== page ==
Chrono diagram
Chrono diagram


All About the Scales

The stopwatch part of a chronograph is simple to use and offers an accurate reading of elapsed time. Start the center seconds and you can monitor the passing time. The most simple two-register chronographs offer a 30 minute stopwatch, with a minute counter on the dial opposite a running seconds sub dial. Three register chronographs tend to have an hour sub dial too, normally 12 hours, which means you can accurately measure an event of up to 12 hours. So far, so simple. Where these chronographs get clever is the scale. Most modern chronos have the scale on the bezel and the most commonly used scale is the tachymeter. You can most famously find tachymeter bezels on the Rolex Daytona and the Omega Speedmaster. The tachymeter allowed the wearer to measure the elapsed time it took to cover the distance of a mile (or km) and see at a glance what the average speed of that run was by simply looking at where the center stopwatch seconds hand had stopped. This became hugely popular from the 1940s through to the 1970s in the golden era of motor racing.


The Richard Mille RM 11-03 Flyback Chronograph in rose gold with a skeletonized dial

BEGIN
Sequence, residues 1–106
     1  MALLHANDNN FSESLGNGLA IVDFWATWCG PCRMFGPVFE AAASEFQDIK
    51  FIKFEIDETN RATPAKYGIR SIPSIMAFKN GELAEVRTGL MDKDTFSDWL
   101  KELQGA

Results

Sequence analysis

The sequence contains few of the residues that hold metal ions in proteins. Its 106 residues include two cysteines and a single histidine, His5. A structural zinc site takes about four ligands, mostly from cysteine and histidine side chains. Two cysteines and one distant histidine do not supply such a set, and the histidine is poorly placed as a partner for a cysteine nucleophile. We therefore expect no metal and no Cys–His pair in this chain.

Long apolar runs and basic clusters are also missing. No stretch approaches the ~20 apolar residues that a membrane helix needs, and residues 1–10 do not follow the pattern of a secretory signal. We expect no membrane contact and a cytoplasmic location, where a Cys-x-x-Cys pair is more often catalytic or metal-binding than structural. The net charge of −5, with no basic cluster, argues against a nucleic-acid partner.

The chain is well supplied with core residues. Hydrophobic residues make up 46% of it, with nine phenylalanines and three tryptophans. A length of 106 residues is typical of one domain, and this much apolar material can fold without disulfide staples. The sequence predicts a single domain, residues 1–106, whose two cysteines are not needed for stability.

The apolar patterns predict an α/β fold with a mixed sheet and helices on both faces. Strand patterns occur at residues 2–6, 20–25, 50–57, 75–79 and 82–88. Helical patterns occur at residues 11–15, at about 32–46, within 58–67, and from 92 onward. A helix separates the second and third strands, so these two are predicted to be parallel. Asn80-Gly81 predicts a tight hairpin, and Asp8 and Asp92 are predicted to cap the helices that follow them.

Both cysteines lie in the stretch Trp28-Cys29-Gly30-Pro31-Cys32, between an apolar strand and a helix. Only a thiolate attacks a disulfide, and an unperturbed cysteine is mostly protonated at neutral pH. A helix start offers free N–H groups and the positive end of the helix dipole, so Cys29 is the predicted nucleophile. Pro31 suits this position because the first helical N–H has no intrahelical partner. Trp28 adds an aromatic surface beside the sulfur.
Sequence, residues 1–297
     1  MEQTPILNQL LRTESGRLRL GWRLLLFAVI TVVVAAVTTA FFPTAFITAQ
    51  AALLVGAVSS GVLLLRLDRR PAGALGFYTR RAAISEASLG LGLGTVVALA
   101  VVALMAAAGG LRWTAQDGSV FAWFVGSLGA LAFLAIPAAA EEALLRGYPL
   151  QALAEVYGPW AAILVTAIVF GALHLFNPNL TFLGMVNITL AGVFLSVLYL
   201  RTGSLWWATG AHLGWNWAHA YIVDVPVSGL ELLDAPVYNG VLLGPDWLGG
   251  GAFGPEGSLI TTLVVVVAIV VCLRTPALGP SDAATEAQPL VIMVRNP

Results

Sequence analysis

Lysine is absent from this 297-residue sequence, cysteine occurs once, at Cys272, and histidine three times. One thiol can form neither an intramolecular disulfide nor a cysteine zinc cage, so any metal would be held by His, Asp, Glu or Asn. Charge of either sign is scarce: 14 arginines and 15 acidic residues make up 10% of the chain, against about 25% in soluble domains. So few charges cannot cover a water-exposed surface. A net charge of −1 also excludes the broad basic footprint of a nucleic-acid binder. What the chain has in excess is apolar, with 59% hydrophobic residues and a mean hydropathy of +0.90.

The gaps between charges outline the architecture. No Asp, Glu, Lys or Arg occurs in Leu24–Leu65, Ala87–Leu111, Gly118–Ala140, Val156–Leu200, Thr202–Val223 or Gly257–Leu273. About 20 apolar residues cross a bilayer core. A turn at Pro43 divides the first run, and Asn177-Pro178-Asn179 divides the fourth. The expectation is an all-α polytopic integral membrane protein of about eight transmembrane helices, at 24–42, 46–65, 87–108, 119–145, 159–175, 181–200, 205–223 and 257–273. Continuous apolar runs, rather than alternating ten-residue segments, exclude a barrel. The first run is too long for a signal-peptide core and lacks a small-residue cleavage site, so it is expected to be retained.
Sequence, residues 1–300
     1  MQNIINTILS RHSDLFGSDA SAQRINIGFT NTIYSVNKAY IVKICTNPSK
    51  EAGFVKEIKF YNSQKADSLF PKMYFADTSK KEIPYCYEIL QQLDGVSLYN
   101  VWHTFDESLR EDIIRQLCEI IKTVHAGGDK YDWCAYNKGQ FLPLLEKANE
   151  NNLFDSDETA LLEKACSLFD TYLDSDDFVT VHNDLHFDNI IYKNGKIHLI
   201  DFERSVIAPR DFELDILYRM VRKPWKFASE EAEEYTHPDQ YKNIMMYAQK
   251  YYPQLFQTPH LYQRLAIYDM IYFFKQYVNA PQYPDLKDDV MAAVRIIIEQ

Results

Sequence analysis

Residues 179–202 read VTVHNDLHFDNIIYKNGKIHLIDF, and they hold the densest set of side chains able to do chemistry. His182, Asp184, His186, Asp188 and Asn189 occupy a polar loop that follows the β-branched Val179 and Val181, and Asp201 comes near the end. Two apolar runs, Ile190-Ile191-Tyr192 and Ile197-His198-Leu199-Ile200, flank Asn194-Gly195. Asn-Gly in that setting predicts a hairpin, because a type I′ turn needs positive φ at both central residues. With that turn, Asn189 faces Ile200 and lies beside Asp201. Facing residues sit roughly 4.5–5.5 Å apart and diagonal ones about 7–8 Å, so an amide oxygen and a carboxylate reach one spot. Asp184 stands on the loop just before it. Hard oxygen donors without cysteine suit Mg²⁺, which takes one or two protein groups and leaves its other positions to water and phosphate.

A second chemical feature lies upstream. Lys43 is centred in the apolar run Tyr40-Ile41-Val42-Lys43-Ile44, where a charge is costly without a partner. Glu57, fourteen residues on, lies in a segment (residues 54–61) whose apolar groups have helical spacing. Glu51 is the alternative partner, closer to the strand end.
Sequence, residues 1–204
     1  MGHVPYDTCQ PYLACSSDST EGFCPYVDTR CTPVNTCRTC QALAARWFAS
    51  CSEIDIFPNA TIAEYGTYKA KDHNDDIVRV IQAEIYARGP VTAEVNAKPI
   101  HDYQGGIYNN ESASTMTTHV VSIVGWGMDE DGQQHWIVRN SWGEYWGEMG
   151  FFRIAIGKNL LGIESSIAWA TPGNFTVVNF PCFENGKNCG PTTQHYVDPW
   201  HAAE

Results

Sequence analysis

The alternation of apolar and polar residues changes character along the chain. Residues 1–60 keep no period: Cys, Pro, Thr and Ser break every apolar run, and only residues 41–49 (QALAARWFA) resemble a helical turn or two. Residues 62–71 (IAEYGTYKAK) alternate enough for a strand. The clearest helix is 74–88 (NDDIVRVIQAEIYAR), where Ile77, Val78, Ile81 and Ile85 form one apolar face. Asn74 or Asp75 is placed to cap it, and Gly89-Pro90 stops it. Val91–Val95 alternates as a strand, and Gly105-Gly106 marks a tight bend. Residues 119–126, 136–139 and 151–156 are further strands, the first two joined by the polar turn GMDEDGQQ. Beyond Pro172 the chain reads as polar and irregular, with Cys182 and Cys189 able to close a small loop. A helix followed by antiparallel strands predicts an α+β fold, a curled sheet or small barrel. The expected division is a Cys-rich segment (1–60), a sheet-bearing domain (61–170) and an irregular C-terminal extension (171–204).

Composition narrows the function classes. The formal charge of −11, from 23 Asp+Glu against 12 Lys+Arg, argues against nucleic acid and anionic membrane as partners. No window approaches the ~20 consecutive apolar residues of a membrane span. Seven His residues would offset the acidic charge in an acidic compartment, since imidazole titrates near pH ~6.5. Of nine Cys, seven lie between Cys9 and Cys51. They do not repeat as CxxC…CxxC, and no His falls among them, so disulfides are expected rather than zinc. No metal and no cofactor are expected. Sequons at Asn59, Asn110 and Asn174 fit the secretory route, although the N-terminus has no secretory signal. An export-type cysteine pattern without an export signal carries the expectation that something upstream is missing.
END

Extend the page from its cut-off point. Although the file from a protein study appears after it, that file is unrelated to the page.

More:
The Richard Mille RM 11-03 Flyback Chronograph in rose gold with a skeletonized dial
omega speedmaster ultraman
Omega Speedmaster 'Ultraman' Photo: Kevin Cureau


In the days before bezel mounted scales, the different chronograph readings were printed on the dials. Some watches featured three scales on the dial and had one in the center of the dial in a spiral format known as a ‘snail scale’. Going back to military applications, the officers relied on the telemeter scale on the watches. The telemeter scale was used to accurately assess the distance away of an event by timing the journey of its sound. This was very useful in combat – for example, a general could start the chronograph timer when he saw the flash of artillery and then stop it when he heard the sound of the explosion. The reading on the telemeter would then tell him how far away the explosion had taken place (in miles or km, depending on the scale). 

Vacheron Constantin Harmony Chronograph Ref. 5300S with a pulsometer scale Photo: Sotheby's (left); Limited edition Patek Philippe multi-scale chronograph Ref. 5975 featuring three different scales: a tachymeter, telemeter and a pulsometer Photo: Bexsonn (right)